A total of 339 people with dementia were followed, of which 127 had been prescribed cholinesterase inhibitors. Of the patients who were prescribed the drugs, 74% received donepezil (Aricept), further 14% were given galantamine (Reminyl), 8% rivastigmine (Exelon), and 4% memantine (Ebixa). The remainder of the group was not prescribed cholinesterase inhibitors.
After four years, the researchers observed that non-treated patients moved into care sooner than those prescribed drugs. The median delay to care home admission for the treated group was 12 months.
Rebecca Wood, Chief Executive of Alzheimer’s Research UK, the UK’s leading dementia research charity, said: “These observations go some way in underlining the importance of drugs like donepezil and galantamine in helping people with dementia remain at home with their families. While current treatments do not alter the Alzheimer’s disease process, they have real value in helping to maintain quality of life. This study should also ensure that people with dementia and their carers seek all the support they possibly can to maintain independent living.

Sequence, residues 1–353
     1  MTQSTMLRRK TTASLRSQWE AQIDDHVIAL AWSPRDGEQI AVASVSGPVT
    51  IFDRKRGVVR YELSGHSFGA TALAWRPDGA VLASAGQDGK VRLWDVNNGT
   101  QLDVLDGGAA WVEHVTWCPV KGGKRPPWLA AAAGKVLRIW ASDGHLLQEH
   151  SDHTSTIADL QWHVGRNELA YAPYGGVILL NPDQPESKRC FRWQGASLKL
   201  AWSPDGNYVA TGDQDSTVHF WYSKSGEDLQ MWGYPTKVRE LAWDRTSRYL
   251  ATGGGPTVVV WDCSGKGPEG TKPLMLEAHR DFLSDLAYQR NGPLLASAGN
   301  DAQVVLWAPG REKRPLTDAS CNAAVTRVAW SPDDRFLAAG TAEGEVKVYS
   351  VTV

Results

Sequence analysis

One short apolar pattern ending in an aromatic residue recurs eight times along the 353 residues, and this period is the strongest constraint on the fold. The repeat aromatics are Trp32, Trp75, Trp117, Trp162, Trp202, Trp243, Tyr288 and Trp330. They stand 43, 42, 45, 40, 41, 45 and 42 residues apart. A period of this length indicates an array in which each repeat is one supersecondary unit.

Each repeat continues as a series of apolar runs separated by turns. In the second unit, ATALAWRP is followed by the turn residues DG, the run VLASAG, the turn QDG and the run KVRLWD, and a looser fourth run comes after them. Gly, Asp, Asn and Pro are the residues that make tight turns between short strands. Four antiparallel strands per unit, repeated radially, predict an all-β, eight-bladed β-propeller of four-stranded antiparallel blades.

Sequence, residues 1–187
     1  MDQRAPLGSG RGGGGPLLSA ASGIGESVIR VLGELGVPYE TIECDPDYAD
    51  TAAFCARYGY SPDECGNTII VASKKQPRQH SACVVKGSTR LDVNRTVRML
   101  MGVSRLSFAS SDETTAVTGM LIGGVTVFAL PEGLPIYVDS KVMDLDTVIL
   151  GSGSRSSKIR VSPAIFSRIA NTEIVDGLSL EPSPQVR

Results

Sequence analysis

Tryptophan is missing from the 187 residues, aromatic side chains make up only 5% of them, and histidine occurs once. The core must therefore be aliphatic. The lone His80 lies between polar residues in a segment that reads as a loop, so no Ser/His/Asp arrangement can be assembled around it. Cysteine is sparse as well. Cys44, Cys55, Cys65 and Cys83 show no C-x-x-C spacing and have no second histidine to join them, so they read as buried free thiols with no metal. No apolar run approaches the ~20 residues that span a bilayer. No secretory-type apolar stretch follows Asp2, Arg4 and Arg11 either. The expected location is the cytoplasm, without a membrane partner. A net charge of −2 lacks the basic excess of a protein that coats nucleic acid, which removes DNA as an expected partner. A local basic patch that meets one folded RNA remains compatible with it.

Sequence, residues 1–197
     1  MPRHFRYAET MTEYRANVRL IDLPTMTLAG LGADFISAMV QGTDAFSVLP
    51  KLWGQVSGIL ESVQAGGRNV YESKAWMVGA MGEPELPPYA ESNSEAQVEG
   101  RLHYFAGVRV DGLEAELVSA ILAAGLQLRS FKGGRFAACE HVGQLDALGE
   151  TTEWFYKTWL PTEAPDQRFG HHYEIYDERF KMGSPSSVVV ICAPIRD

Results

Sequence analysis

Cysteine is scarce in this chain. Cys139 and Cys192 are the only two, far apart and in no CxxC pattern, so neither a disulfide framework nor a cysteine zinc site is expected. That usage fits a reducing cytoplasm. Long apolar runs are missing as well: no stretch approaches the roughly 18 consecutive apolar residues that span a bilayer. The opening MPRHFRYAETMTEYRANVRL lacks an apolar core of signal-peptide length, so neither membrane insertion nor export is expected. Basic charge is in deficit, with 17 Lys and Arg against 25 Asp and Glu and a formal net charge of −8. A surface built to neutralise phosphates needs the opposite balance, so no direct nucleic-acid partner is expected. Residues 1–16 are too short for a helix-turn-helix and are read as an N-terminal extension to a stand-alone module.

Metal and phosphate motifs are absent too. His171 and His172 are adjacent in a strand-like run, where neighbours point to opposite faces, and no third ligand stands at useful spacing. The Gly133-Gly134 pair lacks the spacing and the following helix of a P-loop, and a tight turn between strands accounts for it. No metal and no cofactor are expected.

“If we are to make a profound impact on dementia in the UK, we need treatments that can halt or reverse the disease process itself, but research in this area is in sore need of funding. Over 820,000 people in the UK live with dementia, and there is little in the way of treatments that offer them hope. We urgently need to invest in dementia research now; it’s the only way we’ll find answers to the greatest medical challenge of our times.”